How do you get along with the “other” grandma? Many grandmas have confessed they feel competitive with the “other” grandma. It’s normal to feel a little rivalry for our grandchildren’s affection. Knowing it’s shared with another set of grandparents can sometimes feel threatening — especially, if the “other” grandma lives closer to the grandchildren, has more money to spend on them, and has more privileges because she’s the maternal grandma. Sometimes it can feel like a real tug-o-war with the other grandma. So how do you get into the right mindset that allows you to be the best grandma you can be without feeling like it’s a competition?
“Grandparents competing with other grandparents is a sign of insecurity,” says marriage and family therapist and grandmother Marilyn Barnicke Belleghem. “By the time adults are old enough to be grandparents, hopefully, they have learned to be their own personal best and know that competing with others is best left for games.”
We can read these words and understand their importance yet in the moment, our ego may get the best of us and we slip back into competition. One trick that helps is when you feel a wave of jealousy, focus on your grandchildren. For example, if the “other” grandma takes the grandchildren on a special vacation, imagine what a great time they’re having and the stories they’ll be able to tell you when they return. A solid loving relationship with grandchildren is built over time, not one experience.
It takes a lot of inner strength to achieve this mindset but when you do, congratulate yourself on being a self-confident person with a generous spirit. Remind yourself that your grandchildren love you for who you are and not what you give them. You’ll also serve as a good role model for your adult children and grandchildren by not making any comments about being better than the “other” grandma.
I asked a pair of grandmas who share the same four grandchildren to offer some tips on getting along with the other grandma.
Tips For Getting Along With The Other Grandma
Speak favorably about the other grandmother. Janet and Judy share babysitting duties for their four grandchildren.
“I’d be friends with Judy even if we didn’t share grandchildren,” Janet explained. “Judy is awesome. We have a mutual appreciation. I would never say anything disparaging about the ‘other’ grandma—it’s a cardinal sin. But then I don’t have the challenges that some grandmas have.”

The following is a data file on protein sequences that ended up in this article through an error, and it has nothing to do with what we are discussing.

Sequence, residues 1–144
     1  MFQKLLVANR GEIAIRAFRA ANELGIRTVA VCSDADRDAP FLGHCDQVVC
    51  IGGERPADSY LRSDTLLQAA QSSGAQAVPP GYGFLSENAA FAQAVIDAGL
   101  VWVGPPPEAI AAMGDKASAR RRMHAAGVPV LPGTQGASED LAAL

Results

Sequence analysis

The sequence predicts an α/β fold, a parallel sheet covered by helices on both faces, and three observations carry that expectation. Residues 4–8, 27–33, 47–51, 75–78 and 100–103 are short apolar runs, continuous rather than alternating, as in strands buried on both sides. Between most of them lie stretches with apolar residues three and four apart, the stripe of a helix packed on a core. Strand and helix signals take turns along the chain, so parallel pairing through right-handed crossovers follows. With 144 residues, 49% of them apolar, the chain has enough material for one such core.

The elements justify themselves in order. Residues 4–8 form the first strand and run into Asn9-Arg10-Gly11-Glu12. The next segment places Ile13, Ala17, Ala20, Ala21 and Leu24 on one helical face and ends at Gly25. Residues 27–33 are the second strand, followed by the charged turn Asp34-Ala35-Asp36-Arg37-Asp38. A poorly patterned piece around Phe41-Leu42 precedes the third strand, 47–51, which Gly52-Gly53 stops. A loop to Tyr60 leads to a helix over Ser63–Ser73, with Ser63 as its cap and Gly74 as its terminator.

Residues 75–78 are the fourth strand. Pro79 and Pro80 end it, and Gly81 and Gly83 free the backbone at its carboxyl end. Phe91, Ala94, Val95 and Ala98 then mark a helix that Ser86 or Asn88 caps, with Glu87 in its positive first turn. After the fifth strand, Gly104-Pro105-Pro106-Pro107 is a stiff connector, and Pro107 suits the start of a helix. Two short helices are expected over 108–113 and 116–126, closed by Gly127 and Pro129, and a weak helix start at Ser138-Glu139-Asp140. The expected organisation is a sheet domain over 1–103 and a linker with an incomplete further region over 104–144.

It’s a state of mind and attitude is everything. “We both want what’s best for our children,” says Janet. “If I’m feeling jealous or hurt, I find ways to diffuse my feelings and try to reach out to her. In relationships that matter, it’s usually the most ‘conscious’ one who has to reach out.”
Remember how important it is to your children. “I go the extra mile to make our relationship solid,” Janet says. “If there’s an issue, we try to figure it out because our grandchildren are so important. We don’t want to make things hard on their parents.”
Appreciate the other grandma’s strengths. “We each have our specialties,” says Janet. “Music is important to me and I love to sing with my granddaughters. Judy cooks with the girls and they love to make soup together.” By developing friendships and getting to know each other there’s less chance of competition.
Let go of your desire to be the most important grandparent. When you’re with the other grandma, don’t dominate the conversation or look for ways to show how much you are loved. Rise above your inner gremlin and look for something you have in common to build on that relationship. The other grandma may be feeling the same way as you are.
Be open to sharing the holidays. When it comes to holidays, let the parents make the plans. If you can’t learn to share without a struggle, the parents may decide not to include you. Then everyone loses. You don’t have to do holidays together and you shouldn’t feel you have to adopt each other.
Jealousy is a natural emotion – but it should not overpower other emotions. If you’re feeling strong jealousy, acknowledge it and try to move on. Talk to a trusted friend about your feelings or consider seeing a therapist if you’re having trouble letting go of negative feelings. Jealousy can make you feel worse about yourself. Remind yourself what a blessing it is to show our grandkids what love looks like from each of our grandparenting perspectives.
When jealousy rears its ugly head, ask yourself:
- Do I expect the grandkids and their parents to take sides?
- Do I want to deny my grandchildren the opportunity of having more love and fun?
Of course, you don’t. When grandparents compete with the “other” grandparents, nobody wins, including the grandchildren. Remind yourself that jealousy and competition not only destroy relationships but damage your own self-esteem. Take the high road for the sake of your children, grandchildren, and most importantly, yourself. Our grandchildren thrive when they have lots of grandparents who love them.